Special Assessments FAQ 6

Is a municipality empowered to levy special assessments against a property which is currently outside its corporate limits, to be paid at such time as it is annexed to the municipality, or to charge a hook-up or other fee in the amount of those special assessments at such time as the hook-up is made?

Wisconsin Stat. sec 66.0707(1) authorizes a municipality to levy a special assessment on property in an adjacent city, village or town, if the property benefits from the work or improvement. However, such a levy must be approved by resolution of the governing body of the municipality where the property is located.

Likewise, deferred special assessments are authorized by sec. 66.0715(2)(a), Stats. However, there is no mention of such deferrals with regard to assessments against property outside the corporate limits of the assessing municipality that may later be annexed and hooked up. In light of the specific statutory requirement for obtaining approval of a special assessment levy against a property in an adjoining city, village or town by the governing body of that municipality, the validity of a deferred special assessment against such a property without that approval is questionable.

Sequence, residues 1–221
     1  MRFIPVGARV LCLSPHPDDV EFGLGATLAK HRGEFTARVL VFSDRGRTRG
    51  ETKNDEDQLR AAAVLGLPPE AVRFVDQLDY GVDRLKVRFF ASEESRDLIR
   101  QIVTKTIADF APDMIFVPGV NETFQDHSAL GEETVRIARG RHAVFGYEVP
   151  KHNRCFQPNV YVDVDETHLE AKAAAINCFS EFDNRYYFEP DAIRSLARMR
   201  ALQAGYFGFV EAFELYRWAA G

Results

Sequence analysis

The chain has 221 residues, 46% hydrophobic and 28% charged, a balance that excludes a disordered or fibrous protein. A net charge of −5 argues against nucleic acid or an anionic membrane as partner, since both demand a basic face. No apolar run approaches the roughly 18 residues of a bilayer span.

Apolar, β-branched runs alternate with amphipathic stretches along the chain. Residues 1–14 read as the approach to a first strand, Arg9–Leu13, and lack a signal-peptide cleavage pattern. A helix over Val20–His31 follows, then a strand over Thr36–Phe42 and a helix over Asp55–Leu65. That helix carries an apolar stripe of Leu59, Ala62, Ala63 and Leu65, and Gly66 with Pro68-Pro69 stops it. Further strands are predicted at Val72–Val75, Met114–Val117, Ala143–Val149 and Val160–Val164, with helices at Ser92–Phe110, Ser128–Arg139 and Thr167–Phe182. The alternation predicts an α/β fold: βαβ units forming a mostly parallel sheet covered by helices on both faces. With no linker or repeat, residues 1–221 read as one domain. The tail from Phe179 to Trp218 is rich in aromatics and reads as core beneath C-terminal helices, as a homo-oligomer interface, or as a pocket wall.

An alternative method of recovering the costs of extraterritorial improvements is to levy a hook-up charge (also referred to as an initiation or connection charge) when a property is annexed and connects to the water or sewer system. Under this approach, main extensions are financed by (a) special assessment or (b) customer contributions, with the customer contributions based on what would have been specially assessed. Customers connecting within a specified time (usually 20 years) to existing mains reimburse the contributors under (b). Whether reimbursement of the municipality or utility for its costs can be required of persons later connecting depends upon the facts and the language of the municipal utility's rule.

The hook-up charge approach to reimbursement has been approved by the Public Service Commission. See Public Utilities 287. It therefore seems prudent to forego a deferred special assessment approach and use a hook-up charge instead for recovering the costs of public improvements abutting or benefiting properties outside a municipality's corporate limits.